For the next minutes, one important thing to monitor is whether we're above or below the line - if we're above, we are too fast for the remaining range and need to slow down more, if we're below the line we're too slow and need to brake less.

The second important quantity is ΔAz - the azimuthal offset to target. If it is zero, we're headed right towards the landing site, if it's not zero we're aiming past it. For a perfect guidance solution, we want the Shuttle to move right down the line and keep ΔAz between -10 and 10. You can also find the same quantity displayed on the FG native HUD layer on the lower right.

There is nothing simple about either range or azimuth - for instance, if you aim past the target, the azimuthal difference will grow as range decreases (that's simple geometry, at the closest approach to target we miss ΔAz will always be 90 degrees). For the current approach trajectory, we cross a decent amount of latitude, and thus there will be a Coriolis force pushing the Shuttle left. The actual range we fly will thus almost never be the direct distance shown. But if we fly the line, it'll all be taken care of.

  • You'll also find qbar displayed on the ENTRY TRAJ screen (and on the FG HUD). Once it reaches 10 psf and 40 psf respectively, you'll see callouts that roll and pitch control is transferred from thrusters to aero surfaces. You're likely to not notice, because the Aerojet DAP is designed to give you a crisp response in both regimes, but you can verify it via the thruster firing indicators (as during entry the nose RCS thrusters are not used, you'll not hear any thruster firings).


  • Now, short recap: The pitch channel is under automatic control, determines AoA and can't be changed due to thermal considerations. The yaw channel is unstable and is also under automatic control to enforce zero sideslip (or we burn). That leaves the roll channel to control azimuth and range.

How?

Azimuth is obvious - we just roll into the direction we want to go. If we're going right of the landing site, we roll left to decrease ΔAz and vice versa. At hypersonic speeds, the turn rate will be very small even for large bank angles, as Mach number decreases we'll gradually get more nimble - so it's a good idea to never let ΔAz grow too large or it might be beyond the Shuttle's maneuverability to recover.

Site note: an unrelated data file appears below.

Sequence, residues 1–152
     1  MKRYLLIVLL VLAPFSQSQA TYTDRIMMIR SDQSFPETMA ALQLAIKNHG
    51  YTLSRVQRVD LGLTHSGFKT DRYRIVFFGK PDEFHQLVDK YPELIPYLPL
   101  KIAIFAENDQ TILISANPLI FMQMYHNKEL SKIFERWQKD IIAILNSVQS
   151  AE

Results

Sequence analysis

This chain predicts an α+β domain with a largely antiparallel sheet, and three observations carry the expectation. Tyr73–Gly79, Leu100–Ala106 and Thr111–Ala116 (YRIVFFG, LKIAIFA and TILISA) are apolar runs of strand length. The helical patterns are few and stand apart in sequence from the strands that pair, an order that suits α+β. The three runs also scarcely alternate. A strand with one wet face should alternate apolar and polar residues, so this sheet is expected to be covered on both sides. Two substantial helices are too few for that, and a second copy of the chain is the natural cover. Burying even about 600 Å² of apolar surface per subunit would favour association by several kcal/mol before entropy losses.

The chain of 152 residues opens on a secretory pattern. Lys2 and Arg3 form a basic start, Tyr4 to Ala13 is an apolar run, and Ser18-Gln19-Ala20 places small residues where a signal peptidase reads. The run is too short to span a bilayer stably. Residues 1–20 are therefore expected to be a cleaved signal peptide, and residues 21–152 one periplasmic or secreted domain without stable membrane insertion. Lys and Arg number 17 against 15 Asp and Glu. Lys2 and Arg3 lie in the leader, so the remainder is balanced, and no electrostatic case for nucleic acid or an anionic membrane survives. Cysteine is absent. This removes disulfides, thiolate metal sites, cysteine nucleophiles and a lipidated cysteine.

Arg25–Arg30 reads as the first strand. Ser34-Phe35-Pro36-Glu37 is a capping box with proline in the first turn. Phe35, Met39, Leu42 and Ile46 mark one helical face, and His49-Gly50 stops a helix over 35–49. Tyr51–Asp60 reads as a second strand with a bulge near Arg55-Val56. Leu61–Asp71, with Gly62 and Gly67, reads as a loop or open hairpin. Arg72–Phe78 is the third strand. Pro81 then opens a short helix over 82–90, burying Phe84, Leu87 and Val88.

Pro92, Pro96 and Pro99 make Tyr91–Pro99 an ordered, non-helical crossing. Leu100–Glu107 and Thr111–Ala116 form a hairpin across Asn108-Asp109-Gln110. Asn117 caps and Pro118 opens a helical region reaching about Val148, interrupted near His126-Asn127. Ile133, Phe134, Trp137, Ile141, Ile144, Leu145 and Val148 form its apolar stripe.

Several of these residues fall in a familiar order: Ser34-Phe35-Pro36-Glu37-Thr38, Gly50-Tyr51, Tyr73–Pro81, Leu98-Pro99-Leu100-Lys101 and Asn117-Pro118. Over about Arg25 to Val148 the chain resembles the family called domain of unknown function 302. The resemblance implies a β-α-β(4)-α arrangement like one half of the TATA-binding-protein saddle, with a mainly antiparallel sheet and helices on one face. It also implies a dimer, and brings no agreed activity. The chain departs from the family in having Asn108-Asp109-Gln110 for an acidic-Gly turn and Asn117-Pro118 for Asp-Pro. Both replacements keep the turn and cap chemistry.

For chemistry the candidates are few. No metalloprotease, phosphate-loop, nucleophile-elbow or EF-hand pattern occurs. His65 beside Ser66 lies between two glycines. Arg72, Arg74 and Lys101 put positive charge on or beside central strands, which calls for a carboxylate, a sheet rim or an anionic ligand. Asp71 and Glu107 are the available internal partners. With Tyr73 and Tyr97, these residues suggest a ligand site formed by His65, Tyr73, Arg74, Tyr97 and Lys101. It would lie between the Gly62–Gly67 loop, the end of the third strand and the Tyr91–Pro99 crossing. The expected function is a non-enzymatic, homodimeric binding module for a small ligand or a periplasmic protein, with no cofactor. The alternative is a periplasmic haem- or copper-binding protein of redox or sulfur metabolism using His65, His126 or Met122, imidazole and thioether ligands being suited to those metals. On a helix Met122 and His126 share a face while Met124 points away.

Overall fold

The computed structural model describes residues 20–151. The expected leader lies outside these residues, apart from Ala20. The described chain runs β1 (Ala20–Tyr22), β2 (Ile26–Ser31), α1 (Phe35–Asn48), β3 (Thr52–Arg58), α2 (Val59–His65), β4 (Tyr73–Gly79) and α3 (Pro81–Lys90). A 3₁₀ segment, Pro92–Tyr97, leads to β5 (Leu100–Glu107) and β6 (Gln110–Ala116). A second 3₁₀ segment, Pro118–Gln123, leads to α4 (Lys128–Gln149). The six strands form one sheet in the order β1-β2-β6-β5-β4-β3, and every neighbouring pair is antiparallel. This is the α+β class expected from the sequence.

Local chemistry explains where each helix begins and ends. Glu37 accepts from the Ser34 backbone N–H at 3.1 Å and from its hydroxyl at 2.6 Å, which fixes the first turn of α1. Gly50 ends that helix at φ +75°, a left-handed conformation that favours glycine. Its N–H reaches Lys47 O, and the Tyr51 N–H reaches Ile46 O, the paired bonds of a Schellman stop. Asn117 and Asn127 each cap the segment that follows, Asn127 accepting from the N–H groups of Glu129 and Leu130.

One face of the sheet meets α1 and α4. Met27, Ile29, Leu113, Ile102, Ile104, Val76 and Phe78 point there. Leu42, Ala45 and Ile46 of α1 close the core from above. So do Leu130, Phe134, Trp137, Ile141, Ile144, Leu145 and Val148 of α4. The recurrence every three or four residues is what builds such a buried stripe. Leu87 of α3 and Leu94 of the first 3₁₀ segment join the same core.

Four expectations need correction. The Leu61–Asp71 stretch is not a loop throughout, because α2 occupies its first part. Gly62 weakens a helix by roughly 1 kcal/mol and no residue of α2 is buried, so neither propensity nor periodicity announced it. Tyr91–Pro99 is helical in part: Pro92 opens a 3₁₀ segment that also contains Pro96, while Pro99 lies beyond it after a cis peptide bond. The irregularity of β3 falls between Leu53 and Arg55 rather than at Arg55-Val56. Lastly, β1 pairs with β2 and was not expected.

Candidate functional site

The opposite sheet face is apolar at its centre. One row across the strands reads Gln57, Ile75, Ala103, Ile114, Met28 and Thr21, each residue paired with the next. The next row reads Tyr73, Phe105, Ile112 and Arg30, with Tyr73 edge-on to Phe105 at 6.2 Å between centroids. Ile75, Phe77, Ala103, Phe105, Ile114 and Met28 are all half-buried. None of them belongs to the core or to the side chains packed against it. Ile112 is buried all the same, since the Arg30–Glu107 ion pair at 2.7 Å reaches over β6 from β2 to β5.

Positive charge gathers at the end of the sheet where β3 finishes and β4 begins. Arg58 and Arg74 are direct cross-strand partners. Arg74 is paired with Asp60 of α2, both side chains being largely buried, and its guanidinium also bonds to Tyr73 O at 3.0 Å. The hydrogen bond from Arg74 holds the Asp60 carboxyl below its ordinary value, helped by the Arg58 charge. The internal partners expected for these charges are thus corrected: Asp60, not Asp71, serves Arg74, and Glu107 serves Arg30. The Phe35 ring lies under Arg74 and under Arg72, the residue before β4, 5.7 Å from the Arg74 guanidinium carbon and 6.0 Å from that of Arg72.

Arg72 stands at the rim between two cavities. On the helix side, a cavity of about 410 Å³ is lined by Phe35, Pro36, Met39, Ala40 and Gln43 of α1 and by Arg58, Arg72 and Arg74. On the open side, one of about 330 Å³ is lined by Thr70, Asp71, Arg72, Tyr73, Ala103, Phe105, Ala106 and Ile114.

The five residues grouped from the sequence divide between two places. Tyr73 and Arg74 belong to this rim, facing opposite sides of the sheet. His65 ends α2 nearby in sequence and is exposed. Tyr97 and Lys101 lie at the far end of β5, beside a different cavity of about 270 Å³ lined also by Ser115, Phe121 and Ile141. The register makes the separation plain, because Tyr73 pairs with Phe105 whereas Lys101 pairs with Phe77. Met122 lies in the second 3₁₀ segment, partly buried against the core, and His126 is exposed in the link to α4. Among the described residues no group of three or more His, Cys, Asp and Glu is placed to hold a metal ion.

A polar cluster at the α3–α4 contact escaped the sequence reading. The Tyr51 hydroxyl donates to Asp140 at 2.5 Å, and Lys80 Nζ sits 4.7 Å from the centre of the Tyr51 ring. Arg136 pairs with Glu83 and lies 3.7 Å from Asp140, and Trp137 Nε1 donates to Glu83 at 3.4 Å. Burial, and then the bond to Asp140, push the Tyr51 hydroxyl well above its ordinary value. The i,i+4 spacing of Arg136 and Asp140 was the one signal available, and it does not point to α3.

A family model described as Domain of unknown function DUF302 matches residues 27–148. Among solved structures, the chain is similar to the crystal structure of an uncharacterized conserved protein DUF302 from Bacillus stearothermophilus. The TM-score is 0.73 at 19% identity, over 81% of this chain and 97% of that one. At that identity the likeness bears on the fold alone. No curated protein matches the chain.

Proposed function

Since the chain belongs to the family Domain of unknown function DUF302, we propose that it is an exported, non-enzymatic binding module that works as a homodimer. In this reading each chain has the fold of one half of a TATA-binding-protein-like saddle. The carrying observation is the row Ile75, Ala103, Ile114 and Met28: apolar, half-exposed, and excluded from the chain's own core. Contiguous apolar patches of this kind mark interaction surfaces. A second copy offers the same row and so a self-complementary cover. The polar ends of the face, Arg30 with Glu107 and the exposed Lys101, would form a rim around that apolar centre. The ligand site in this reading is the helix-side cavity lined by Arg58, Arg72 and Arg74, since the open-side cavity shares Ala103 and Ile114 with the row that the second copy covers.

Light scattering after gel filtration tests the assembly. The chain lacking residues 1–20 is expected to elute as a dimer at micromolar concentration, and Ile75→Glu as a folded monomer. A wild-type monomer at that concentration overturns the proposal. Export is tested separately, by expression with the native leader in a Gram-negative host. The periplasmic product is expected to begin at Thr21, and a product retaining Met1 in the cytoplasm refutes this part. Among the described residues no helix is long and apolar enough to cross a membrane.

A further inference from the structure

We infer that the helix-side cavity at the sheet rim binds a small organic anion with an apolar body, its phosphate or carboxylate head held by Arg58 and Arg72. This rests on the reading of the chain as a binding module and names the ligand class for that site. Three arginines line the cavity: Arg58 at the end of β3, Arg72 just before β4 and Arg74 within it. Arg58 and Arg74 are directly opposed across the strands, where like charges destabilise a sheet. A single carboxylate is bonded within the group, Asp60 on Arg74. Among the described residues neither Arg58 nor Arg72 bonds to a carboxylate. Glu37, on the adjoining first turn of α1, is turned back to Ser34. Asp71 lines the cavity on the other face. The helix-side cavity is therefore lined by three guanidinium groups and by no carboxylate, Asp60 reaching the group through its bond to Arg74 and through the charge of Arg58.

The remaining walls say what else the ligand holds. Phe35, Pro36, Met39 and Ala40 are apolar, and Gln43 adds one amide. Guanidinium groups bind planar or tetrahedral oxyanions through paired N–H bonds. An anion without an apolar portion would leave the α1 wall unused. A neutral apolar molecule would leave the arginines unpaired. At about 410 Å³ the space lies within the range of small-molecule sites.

Controlling range is more tricky. The chain of control goes like this: Range is controlled by velocity. We have control over velocity by controlling the deceleration. Deceleration is controlled by atmosphere density, the denser the atmosphere, the more drag, the stronger deceleration. Atmosphere density is controlled by altitude - the higher up, the less density, the less drag. Altitude is controlled by vertical speed. Vertical speed is controlled by aerodynamical lift - and aerodynamical lift is controlled by bank angle, the more we bank to the side, the less lift we'll have.

Thus, if we get below the nominal trajectory, we want to fly small bank angle, if we get above we want to fly large bank angle. At the same time, we want to bank into the direction to keep ΔAz small, thus if we're right of the target, we bank left till we reach a -10 deg ΔAz, then we reverse attitude (that's called a 'roll reversal') and bank right to let ΔAz grow to +10 degrees, then we do another roll reversal.

So, as the Shuttle symbol enters the display, watch vertical speed on the native HUD layer upper left. It'll move slowly upward from -170 m/s as lift builds - when it reaches about -100 m/s, bank towards your target. Do this carefully, don't roll much faster than 6-8 deg/s, control is tenuous at this altitude, the Aerojet DAP does a good job in hiding this from you, but don't overdo it or you'll lose control.

If you're used to how this feels in an airplane, it'll feel exceedingly weird because the guidance holds 40 deg AoA all the time - in essence you'll do this:

Entry tutorial 4

Watch both vertical speed and change bank angle to stabilize it at -70 m/s (you'll have to bank towards some 60 degree for this trajectory). That's called 'hdot capture'.

Entry tutorial 5

Observe how with small changes in bank angle you can make vertical speed increase and decrease - there's really control here. Utilize it to maneuver the Shuttle symbol back to the trajectory (you'll inevitably go a bit below initially for the chosen trajectory).